To get a little perspective on your issue, try broadening your focus from your current problem outwards. Try thinking about how the problem looks when you view it from a few weeks from now, a year, ten years or your lifetime? How would a historian thousands of years from now view your problem? (Assuming future historians have nothing better to do than examine and document the lives of twenty first century inhabitants)

Go outside and look up at the sky. Viewing the incredible expanse of space and time will ultimately make your problems look very small indeed. Even if this practice won’t solve your problem it will significantly reduce your frustration. Getting perspective about a problem is critical to put your mind into a state where it can be solved.

Getting perspective when you are frustrated isn’t a particularly difficult practice, the only difficulty is in remembering to do it. I don’t have any suggestions for remembering to get some perspective when your focus becomes too narrow and you become frustrated, it has to just be a habit. When you get used to temporarily changing your focus and perspective to regain stability, it happens automatically.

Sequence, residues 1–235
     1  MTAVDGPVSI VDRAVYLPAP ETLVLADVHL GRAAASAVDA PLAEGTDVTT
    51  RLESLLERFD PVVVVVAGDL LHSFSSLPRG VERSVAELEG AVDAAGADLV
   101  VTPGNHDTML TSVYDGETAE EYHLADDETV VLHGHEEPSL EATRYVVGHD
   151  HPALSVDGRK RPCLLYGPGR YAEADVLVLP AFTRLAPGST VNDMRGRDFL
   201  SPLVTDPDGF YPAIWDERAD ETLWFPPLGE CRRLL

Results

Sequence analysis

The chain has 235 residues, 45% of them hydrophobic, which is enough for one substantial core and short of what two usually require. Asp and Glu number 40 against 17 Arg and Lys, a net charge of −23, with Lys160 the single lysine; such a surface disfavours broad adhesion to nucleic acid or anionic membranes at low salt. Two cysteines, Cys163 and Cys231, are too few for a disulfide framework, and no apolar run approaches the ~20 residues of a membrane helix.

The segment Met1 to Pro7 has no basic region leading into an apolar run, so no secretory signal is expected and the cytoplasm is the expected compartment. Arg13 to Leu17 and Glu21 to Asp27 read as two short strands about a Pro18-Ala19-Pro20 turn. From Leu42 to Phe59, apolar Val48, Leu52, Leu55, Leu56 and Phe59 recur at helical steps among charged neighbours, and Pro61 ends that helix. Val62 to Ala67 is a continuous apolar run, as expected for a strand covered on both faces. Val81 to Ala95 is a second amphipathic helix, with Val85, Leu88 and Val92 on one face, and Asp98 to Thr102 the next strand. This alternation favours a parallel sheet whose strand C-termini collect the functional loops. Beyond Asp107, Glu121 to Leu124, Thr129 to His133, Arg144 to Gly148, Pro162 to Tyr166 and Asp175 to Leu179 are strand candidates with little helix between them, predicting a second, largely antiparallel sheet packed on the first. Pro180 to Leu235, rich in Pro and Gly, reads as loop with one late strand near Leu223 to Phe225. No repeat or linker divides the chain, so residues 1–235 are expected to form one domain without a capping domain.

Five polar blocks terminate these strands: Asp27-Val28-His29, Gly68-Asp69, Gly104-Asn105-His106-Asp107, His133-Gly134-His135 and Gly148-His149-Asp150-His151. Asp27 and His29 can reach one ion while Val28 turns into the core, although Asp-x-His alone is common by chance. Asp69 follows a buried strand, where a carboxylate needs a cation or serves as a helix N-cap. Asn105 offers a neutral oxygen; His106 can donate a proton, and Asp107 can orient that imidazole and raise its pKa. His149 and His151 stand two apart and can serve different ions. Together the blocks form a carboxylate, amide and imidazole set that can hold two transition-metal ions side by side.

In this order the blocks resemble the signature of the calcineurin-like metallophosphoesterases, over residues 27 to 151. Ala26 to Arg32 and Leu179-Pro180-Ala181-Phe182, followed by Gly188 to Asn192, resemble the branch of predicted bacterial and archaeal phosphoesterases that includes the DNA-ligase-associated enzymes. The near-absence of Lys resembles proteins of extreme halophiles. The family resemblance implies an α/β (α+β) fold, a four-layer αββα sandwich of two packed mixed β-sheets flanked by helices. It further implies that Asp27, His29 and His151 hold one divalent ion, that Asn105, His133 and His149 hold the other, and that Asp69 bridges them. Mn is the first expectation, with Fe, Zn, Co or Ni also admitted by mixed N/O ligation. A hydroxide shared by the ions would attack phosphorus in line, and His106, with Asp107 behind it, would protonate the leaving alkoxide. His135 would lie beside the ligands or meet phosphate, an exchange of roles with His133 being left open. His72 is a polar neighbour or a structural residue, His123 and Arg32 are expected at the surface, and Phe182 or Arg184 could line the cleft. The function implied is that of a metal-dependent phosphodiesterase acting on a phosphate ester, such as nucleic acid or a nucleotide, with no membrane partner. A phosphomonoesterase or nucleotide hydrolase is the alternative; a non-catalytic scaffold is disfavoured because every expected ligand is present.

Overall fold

Nobody likes to feel frustrated. Unfortunately, frustrations are part of life. Learn to manage your frustrations so they don’t leave you stressed, burned-out or depressed. Take breaks from your frustrations to recover your mental and creative energies. Reward your actions, not just your results and remember to gain a little perspective when you begin to feel overwhelmed. Don’t let your frustrations prevent you from setting goals and living your life to the maximum.


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34 Responses to “Dealing with Frustration”

  1. Richard says: